Like anything else, feathers wear out. Plucked and lost feathers are replaced right away, but broken and worn feathers are kept until they molt. All the species are flightless during the molting season until the new feathers replace the old.

“Female ducks molt as well, but differences between their basic and alternate plumage are far more subtle. Hens molt into their basic plumage just before nesting and keep this plumage until after the wing molt and brood-rearing activities are complete. Geese typically undergo just one complete molt a year, which has a much less noticeable effect on the birds’ appearance.” – http://www.ducks.org/conservation/waterfowl-biology/waterfowl-feathers/page2http://www.ducks.org/conservation/waterfowl-biology/waterfowl-feathers/page2

 

IMG_3204

 

 

IMG_3206

 

https://www.allaboutbirds.org/guide/Mallard/lifehistory

Cool Facts

•The Mallard is the ancestor of nearly all domestic duck breeds (everything except the Muscovy Duck). Domestic ducks can be common in city ponds and can be confusing to identify—they may lack the white neck ring, show white on the chest, be all dark, or show oddly shaped crests on the head.

•The widespread Mallard has given rise to a number of populations around the world that have changed enough that they could be considered separate species. The “Mexican Duck” of central Mexico and the extreme southwestern United States and the Hawaiian Duck both are closely related to the Mallard, and in both forms the male is dull like the female. The Mexican Duck currently is considered a subspecies of the Mallard, while the Hawaiian Duck is still given full species status.

•Mallard pairs are generally monogamous, but paired males pursue females other than their mates. So-called “extra-pair copulations” are common among birds and in many species are consensual, but male Mallards often force these copulations, with several males chasing a single female and then mating with her.

•Mallard pairs form long before the spring breeding season. Pairing takes place in the fall, but courtship can be seen all winter. Only the female incubates the eggs and takes care of the ducklings.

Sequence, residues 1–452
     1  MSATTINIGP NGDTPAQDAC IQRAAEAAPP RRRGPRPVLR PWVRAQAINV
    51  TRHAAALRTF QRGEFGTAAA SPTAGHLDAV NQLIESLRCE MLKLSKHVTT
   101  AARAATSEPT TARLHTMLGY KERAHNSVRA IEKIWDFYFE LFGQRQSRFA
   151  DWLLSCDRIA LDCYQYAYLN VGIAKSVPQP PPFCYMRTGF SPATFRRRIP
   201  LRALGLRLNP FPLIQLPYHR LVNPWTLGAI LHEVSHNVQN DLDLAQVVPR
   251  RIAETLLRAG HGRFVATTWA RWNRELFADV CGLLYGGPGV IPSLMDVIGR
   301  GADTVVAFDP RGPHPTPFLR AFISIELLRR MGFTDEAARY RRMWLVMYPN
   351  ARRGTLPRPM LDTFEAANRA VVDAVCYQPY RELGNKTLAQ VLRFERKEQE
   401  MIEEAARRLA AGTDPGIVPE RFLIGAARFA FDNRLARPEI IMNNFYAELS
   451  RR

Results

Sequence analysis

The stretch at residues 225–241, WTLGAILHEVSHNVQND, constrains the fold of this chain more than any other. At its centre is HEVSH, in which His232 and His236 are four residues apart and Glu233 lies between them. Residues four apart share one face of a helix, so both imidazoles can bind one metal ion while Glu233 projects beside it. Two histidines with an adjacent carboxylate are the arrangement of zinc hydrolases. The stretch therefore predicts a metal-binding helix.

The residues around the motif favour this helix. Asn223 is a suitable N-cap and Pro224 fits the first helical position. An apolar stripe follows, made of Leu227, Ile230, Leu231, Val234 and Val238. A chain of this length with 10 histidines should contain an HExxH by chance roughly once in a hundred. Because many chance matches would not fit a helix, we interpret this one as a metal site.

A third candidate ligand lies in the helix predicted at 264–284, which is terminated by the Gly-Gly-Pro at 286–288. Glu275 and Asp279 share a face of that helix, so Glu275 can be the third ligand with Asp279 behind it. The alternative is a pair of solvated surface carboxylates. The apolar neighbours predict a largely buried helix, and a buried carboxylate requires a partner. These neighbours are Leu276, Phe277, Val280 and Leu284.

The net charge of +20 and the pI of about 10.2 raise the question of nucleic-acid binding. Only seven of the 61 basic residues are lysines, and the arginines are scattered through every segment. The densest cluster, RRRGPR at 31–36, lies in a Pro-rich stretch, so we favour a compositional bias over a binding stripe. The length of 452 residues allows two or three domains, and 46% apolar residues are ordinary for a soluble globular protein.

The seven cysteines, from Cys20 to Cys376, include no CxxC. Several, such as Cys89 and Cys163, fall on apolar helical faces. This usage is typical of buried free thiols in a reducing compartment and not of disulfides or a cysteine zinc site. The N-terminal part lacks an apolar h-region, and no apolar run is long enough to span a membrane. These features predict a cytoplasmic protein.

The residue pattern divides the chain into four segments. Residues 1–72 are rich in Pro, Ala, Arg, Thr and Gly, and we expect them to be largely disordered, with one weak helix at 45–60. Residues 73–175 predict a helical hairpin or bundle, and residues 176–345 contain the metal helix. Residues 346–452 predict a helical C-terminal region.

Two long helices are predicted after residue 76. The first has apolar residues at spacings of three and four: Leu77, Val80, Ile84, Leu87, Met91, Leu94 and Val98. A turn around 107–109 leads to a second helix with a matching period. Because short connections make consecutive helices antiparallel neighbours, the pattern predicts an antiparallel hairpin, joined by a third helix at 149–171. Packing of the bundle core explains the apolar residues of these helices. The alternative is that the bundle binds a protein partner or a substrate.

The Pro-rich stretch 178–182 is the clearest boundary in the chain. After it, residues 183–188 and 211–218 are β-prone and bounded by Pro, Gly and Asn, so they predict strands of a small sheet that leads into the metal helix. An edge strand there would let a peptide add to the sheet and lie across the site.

•Ducks are strong fliers; migrating flocks of Mallards have been estimated traveling at 55 miles per hour.

•The standard duck’s quack is the sound of a female Mallard. Males don’t quack; they make a quieter, rasping sound.

•Mallards, like other ducks, shed all their flight feathers at the end of the breeding season and are flightless for 3–4 weeks. They are secretive during this vulnerable time, and their body feathers molt into a concealing “eclipse” plumage that can make them hard to identify.

•Many species of waterfowl form hybrids, and Mallards are particularly known for this, hybridizing with American Black Duck, Mottled Duck, Gadwall, Northern Pintail, Cinnamon Teal, Green-winged Teal, and Canvasback, as well as Hawaiian Ducks, the Grey Duck of New Zealand, and the Pacific Black Duck of Australia.

•The oldest known Mallard was a male, and at least 27 years, 7 months old when he was shot in Arkansas in 2008. He had been banded in Louisiana in 1981.

Credits

•Drilling, N., R. Titman, and F. McKinney. 2002. Mallard (Anas platyrhynchos). In The Birds of North America, No. 658 (A. Poole and F. Gill, eds.). The Birds of North America Online, Ithaca, New York.

•Dunne, P. 2006. Pete Dunne’s Essential Field Guide Companion. Houghton Mifflin, New York.

•Ehrlich, P. R., D. S. Dobkin, and D. Wheye. 1988. The birder’s handbook. Simon & Schuster Inc., New York.

•North American Bird Conservation Initiative, U.S. Committee. 2014. State of the Birds 2014 Report. U.S. Department of Interior, Washington, DC.

•U.S. Fish and Wildlife Service. 2015. Waterfowl Population Status, 2015. U.S. Department of the Interior, Washington, DC.

•USGS Patuxent Wildlife Research Center. 2015. Longevity Records of North American Birds.

•USGS Patuxent Wildlife Research Center. 2014. North American Breeding Bird Survey 1966–2014 Analysis.